A SOUTH African-born woman who was a young teenager struggling with early effects of puberty in 1980 has suddenly risen to become a serious contender on Zimbabwe’s political landscape. Not long ago, charlatans, sycophants and thugs including Jabulani Sibanda and some unprofessional generals fronted state cameras and appeared in a plethora of media threatening Zimbabweans that a person without liberation credentials would never be allowed to govern Zimbabwe. At the same time, Zanu PF zealots and hoodlums taunted those with moderate education saying “a teaboy can never be president”.
Fast-track to 2014, a typist born the same year that Ian Smith’s oppression culminated into UDI and is believed to have struggled dismally with “O” Levels has suddenly become a central player in the leadership matrix. Criss-crossing the country, “attracting” huge numbers of blind followers and some that are force-marched, the tempo has incredibly changed to “Amai ndizvo”.
Can goal posts change so fast without repercussions in this beautiful country between the Zambezi and the Limpopo? Which liberation war did Grace fight in? How many helicopters did she shoot down? Did she ever attend a pungwe? What genuine education does she possess? Will generals and war veterans allow this opportunist to prevail? If yes, why? If no, how?
For a very long time, Zimbabweans have been yearning for a new generation of leaders and a new dispensation but in vain. Ironically and rather ominously, Grace Mugabe recently told a rally that she was now a grown-up who could also take on any leadership position. One wonders if she belongs to the same party that has fiercely resisted the emergence of a new generation of leaders for years, opting to stick to the so-called old guard that has been systematically recycled since 1980, her own husband doing the recycling!
Is the unfolding drama confirming what some of us have always suspected; which is that President Mugabe has literally turned Zanu PF and the country into his private enterprises and would rather succeed himself directly or indirectly than let any “stranger” take on the mantle? Why are “war veterans” so quiet when an “outsider” without any liberation history is about to take over their party? Of course, they are a bunch of hypocrites and opportunists whose survival revolves around singing praises for the master, Mugabe’s wives, to borrow from Margaret Dongo.Advertisement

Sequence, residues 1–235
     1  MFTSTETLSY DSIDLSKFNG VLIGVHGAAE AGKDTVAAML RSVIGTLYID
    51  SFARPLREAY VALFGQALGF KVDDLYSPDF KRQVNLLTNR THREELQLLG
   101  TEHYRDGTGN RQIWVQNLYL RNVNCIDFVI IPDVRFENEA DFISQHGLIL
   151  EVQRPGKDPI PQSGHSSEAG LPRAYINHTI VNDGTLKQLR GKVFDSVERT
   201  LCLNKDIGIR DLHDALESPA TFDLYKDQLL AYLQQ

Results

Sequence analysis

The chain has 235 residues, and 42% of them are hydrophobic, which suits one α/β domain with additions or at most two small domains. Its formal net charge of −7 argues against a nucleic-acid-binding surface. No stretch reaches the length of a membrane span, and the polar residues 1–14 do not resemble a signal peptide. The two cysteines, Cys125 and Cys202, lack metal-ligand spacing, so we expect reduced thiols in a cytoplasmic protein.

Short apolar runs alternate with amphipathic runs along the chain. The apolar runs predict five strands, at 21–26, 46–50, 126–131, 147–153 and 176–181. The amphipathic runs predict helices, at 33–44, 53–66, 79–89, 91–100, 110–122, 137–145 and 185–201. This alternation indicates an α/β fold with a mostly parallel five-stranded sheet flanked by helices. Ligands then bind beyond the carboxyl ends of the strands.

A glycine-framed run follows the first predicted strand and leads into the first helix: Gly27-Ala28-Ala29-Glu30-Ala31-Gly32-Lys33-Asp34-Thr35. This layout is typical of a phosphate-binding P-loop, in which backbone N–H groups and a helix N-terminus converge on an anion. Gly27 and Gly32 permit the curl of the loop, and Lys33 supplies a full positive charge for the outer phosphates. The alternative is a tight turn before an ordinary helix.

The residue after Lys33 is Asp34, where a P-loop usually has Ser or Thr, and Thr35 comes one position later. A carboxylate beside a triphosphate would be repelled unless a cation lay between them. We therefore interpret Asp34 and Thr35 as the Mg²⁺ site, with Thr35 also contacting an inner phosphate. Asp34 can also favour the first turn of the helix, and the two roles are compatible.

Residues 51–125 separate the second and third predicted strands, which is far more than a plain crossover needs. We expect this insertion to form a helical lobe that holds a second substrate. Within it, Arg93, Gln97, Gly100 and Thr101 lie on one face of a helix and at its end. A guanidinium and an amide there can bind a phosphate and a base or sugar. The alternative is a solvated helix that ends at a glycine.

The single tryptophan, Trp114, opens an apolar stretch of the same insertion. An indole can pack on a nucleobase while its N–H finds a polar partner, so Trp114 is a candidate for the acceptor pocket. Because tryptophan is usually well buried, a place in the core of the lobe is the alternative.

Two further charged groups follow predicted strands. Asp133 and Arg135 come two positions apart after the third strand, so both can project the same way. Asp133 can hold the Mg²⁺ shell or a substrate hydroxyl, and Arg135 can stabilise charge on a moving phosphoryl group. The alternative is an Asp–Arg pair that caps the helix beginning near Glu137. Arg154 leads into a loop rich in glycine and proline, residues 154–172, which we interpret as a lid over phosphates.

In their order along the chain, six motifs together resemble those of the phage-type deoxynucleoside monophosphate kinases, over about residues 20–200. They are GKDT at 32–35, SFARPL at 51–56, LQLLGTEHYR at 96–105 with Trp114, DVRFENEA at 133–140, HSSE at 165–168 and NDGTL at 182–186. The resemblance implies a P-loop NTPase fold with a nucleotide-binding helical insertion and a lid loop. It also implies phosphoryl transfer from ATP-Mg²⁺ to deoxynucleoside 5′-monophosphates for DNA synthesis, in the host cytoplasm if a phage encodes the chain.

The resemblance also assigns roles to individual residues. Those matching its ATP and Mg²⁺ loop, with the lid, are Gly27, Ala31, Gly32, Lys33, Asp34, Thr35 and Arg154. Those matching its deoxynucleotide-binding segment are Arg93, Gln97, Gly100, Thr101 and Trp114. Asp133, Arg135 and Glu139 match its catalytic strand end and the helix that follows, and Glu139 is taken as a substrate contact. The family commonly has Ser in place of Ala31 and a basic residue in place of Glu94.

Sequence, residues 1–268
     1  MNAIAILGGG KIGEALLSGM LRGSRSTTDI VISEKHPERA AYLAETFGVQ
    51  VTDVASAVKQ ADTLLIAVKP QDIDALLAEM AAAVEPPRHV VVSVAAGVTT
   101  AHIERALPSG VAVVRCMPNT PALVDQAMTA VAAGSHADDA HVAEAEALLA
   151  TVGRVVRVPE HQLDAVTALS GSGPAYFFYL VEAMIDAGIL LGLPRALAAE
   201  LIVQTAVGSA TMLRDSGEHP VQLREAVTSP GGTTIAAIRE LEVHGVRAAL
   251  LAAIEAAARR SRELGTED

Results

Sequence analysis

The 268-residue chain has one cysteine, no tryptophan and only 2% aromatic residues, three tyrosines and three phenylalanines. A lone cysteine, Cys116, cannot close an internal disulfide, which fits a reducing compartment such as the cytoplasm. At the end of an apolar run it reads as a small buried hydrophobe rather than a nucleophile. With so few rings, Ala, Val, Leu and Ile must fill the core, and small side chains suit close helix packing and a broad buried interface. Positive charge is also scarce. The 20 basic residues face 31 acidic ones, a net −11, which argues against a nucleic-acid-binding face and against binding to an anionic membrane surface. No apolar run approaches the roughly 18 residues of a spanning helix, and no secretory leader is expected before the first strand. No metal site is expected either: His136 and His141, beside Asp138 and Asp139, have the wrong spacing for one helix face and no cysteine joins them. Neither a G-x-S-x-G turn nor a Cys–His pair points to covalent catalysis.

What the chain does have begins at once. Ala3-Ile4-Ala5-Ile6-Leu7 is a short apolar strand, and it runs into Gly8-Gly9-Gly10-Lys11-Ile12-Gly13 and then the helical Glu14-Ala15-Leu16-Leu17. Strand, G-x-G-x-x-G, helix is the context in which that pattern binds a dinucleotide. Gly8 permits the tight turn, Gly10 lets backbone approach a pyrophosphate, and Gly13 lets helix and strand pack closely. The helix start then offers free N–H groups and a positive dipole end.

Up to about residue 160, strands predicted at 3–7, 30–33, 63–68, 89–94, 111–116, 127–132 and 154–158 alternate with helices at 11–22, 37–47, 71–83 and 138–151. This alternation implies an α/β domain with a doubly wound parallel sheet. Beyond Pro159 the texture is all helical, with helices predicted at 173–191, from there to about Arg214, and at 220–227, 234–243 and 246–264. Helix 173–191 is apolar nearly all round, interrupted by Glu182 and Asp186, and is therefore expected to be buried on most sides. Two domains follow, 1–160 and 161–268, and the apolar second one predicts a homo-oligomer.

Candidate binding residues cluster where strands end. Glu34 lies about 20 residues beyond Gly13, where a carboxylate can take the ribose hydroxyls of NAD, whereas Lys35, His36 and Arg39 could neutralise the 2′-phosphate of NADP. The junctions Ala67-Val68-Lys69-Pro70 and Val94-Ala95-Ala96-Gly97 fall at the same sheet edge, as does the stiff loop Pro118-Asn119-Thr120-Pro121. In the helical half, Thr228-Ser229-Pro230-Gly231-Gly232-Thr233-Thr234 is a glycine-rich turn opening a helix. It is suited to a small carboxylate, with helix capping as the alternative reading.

Are we carelessly and cowardly allowing Zimbabwe to turn into the North Korea of Africa without anybody raising a finger? Yes, like any other citizen, under normal circumstances, Grace would be free to aspire and contest for any political office. That she is connected to the ruling family cannot be justifiable grounds for disqualifying her. India, the world’s biggest democracy, once experienced the leadership of one Gandhi after another. Nevertheless, this was done in a framework of genuine democracy not borrowing a disastrous template from North Korea which is what Grace and her faceless or at least spineless backers are about to deploy.
Hillary Clinton is contemplating fighting for the American presidency and no one is raising an issue over that because she will have to fight it out on a level playing field and win or lose fairly. Playing succession politics and ceding leadership to a spouse in the bedroom is not only undemocratic and uncouth but a recipe for total disaster. Lack of internal resistance to the imposition of Grace Mugabe exposes the politics of hypocrisy and opportunism that has characterised Zanu PF for a decades.
Some Zimbabweans who were singing praises for Joice Mujuru not long before the entry into politics of Grace, the unlearned doctor without any proven clue of what it takes to write a thesis, let alone what it looks like, have suddenly redirected their praises. “Amai” used to be Joice Mujuru in Zanu PF circles. Now this reference is associated with Grace Marufu. Speaking to some die-hard Zanu PF supporters, some of whom can hardly afford a decent meal a day, one gets the impression that anything that looks, sounds or smells like Mugabe, even if it’s from the zoo, will receive support from the band of blind followers.
This reminds me of some economies where one can triple their chances of job interviews in one week simply by changing one’s last name from Chamunorwa or Ndebele to Smith or Williams without changing the content of one’s curriculum vitae. Given the naivety of Zanu PF supporters and the docility of Zimbabweans, even Chatunga, despite his academic shortcomings, could be our president one day.
Wasn’t it in 2004 when Mugabe urged Joice Mujuru to aspire for higher office? While I’m not doing any lobbying for her, the natural question to ask is; what has changed? The answer is hypocrisy! If Mugabe wakes up one day to say his preferred successor is Chinotimba or some other buffoon, his supporters will make a supersonic about-turn and and start chanting slogans in support. ZUPCO buses will start displaying the image of the chosen fool, what a nation of confused clowns!!!
ZANU PF must get over its obsession with the Mugabe brand that has evidently destroyed one of Africa’s most promising economies if the country is to have a fresh start. As Grace rightly argues, now is the time for new leaders but she is certainly not one of them. Hence, she must be rejected together with her party.
Moses Chamboko is a pro-democracy activist and Interim Secretary General for Zimbabweans United for Democracy (ZUNDE). You may visit ZUNDE at www.zunde.org or email email@example.com